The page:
### Fitted

Nine squares with side lengths 1, 4, 7, 8, 9, 10, 14, 15, and 18 cm can be fitted together to form a rectangle. What are the dimensions of the rectangle?

### Gran, How Old Are You?

When Charlie asked his grandmother how old she is, he didn't get a straightforward reply! Can you work out how old she is?

### Curious Number

Can you order the digits from 1-3 to make a number which is divisible by 3 so when the last digit is removed it becomes a 2-figure number divisible by 2, and so on?

# Factor Track

##### Stage: 2 and 3 Challenge Level:

J Darcy from Pulner Junior School and Otto completed the first Factor Track in the following 9 moves:

Divide 60 by 2 and move on 2 spaces, then divide 14 by 7 and move on 7 spaces. 7 is a factor of 28 so move on 7 spaces. 18 divides into 3 so move on 3 spaces. 14 divides into 2 so move on 2 spaces. 24 divides into 3 so move to 36. 36 divides into 3 to move to 32. 32 divides by 4 so move to 14. 14 divides by 7 to reach the end!

Lots of you went straight to the more challenging one and managed it in 10 moves including students from Wilson's School, St Helen's C of E Primary School, Baston C of E Primary School, MacDiarmid Primary School and Highfield School.

Ultra Violet Class from Unicorn explain their solution here:

Issy, Laura and Anna worked as a team to solve this problem. They found that doing the training track gave them a very good understanding of the problem. On the more complicated track they found the shortest route involved 10 steps. They used a counter and recorded each step by writing the sequence of numbers linked by arrows with the number of moves written above:

60 (3 moves) 48 (6 moves) 28 (7 moves) 51 (3 moves) 96 (4 moves) 81 (3 moves) 54 (2 moves) 87 (3 moves) 72 (4 moves) 49 (7 moves) END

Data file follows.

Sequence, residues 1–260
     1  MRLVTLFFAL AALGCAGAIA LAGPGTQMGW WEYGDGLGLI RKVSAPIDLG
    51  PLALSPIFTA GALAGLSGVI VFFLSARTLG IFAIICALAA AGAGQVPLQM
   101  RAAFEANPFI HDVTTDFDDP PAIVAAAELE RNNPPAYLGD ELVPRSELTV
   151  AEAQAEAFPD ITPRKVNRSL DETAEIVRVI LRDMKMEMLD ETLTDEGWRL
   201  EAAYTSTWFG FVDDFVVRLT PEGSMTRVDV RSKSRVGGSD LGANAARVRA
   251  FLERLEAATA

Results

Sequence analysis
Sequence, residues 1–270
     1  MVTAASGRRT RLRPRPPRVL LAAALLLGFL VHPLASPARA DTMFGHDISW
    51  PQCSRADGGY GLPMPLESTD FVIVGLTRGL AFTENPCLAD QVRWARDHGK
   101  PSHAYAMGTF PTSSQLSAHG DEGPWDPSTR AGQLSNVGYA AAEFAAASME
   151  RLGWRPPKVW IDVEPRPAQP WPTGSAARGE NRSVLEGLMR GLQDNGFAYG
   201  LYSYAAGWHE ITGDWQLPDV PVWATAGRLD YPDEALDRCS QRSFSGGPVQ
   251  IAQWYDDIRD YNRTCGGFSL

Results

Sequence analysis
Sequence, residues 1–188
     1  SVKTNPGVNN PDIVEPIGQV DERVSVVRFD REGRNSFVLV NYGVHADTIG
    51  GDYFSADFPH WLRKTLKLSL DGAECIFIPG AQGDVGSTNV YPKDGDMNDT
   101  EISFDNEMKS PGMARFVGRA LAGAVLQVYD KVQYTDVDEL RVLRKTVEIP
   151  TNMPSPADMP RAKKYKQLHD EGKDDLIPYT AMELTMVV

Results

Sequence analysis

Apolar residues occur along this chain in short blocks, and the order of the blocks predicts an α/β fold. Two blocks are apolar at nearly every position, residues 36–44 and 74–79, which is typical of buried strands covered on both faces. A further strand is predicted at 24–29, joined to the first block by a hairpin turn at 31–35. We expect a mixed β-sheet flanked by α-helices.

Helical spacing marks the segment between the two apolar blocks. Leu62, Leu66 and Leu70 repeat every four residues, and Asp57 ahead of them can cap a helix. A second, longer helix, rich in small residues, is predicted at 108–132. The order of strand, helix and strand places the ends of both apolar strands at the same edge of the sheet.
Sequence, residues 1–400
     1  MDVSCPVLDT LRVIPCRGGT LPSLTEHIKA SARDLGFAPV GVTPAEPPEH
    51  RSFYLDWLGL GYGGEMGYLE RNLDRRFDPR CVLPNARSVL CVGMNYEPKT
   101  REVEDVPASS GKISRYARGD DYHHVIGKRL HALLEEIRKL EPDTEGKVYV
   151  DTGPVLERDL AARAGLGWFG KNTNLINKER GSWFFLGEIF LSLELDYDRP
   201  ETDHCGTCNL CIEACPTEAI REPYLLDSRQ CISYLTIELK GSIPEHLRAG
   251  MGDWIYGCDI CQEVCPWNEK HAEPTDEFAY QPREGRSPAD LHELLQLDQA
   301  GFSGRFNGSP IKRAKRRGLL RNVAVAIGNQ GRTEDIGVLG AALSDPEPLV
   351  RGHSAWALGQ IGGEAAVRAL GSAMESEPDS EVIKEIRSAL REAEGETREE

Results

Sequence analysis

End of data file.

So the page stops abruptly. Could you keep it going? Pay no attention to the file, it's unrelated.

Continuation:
They noted that the only point they could not go from corner to corner was on the first row where they had to use 2 moves between the numbers but there were lots of options:

60 to 14 to 28
60 to 48 to 28
60 to 25 to 28
60 to 45 to 28

They found using divisibility rules to check for factors of the larger numbers a very useful approach. The most helpful one being the divisibility rule for the number 3.

Alex, Jack and Jamie also came up with the shortest route of 10 steps. Peter, Ben and Jack all tried going the longer route and found they could do it in 18, 17 and 16 steps. The shortest route of 16 steps was achieved by moving from corner to corner in all but two cases. This was the first row as described above and the very last column where they had to go 12 to 49 to END.

Mr Bouchard's Class from Richmon Elementary School, USA, sent us a picture of their solution:

And Krystov's explanation can be found here.

Students from Greenacre School for Girls decided to make their own Factor Tracks. See if you can complete them.

1 by Erica and Helena
2 by Grace and Katie
3 by Rebecca and Elizabeth
4 by Rosie
5 by Sophie, Esme and Josie
6 by Zoe and Rachel